Correcting an over the top downswing requires golfers to examine the overuse present in their upper body motion during their golf swing.
Identifying the moment in their golf swing that causes overuse in their upper body will eliminate the common mistake of coming over the top on their swings.
An over the top swing happens when our golf club veers away from the desired swing plane, with the head attacking the golf ball from outside in.
Before we can fix our faulty downswing, we must identify where and how we’re coming over the top.
Golfers may be committing a variety of miscalculations while working through their downswing, any of which may be the cause of a sliced or pulled shot
Many players retrace their golf swings in reverse in order to identify the actions that may be causing the problems in their swing.
The most common issues that cause our swing to go over the top are typically either narrowing our backswing or the results rushing through the entire swinging process.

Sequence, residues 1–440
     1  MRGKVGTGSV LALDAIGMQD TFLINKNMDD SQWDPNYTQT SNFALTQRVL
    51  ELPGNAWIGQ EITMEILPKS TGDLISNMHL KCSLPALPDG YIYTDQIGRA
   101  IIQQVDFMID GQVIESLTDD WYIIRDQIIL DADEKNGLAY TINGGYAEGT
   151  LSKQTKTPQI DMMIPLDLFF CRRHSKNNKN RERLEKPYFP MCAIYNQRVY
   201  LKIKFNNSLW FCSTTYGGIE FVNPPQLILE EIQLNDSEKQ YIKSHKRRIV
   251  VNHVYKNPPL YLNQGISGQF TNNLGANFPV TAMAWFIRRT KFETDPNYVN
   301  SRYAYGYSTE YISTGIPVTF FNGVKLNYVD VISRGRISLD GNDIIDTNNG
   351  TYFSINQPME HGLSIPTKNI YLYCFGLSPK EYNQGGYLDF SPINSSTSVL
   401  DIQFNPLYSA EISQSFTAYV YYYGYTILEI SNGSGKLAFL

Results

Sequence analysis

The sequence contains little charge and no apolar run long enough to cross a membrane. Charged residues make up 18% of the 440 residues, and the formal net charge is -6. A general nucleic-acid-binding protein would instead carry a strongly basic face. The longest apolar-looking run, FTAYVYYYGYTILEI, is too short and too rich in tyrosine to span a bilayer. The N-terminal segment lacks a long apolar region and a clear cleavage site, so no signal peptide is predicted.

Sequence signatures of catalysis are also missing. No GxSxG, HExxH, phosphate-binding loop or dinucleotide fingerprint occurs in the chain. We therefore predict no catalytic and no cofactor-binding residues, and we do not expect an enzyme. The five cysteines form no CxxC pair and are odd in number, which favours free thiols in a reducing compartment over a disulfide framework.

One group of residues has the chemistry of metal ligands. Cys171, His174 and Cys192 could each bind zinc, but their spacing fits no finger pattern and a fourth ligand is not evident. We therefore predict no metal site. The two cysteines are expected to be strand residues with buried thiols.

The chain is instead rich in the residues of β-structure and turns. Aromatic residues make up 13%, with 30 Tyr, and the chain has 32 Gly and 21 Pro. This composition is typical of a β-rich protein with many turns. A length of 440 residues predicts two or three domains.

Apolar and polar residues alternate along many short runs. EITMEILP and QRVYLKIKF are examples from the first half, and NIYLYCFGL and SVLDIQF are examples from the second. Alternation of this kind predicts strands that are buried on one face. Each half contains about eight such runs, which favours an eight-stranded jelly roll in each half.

It’s not uncommon for golfers to speed through their golf swings, either because they’re looking to maximize the strength of their swing or are preoccupied in thought with the end result which in most cases will cause them to lose their focus.
Not allowing enough time for all of the components of our golf swing to harmonize ultimately leads to miscalculations that imbalance our swing, sending the golf ball on an off target flight path.
Rather than taking the time to allow our golf swing to flow naturally through every range of motion, a frantic swing leaves little to no time for our swing to fully develop as needed.
A golfer gains absolutely nothing from hurrying their golf swing but will likely sacrifice the entire shot as a results of such a poor composition.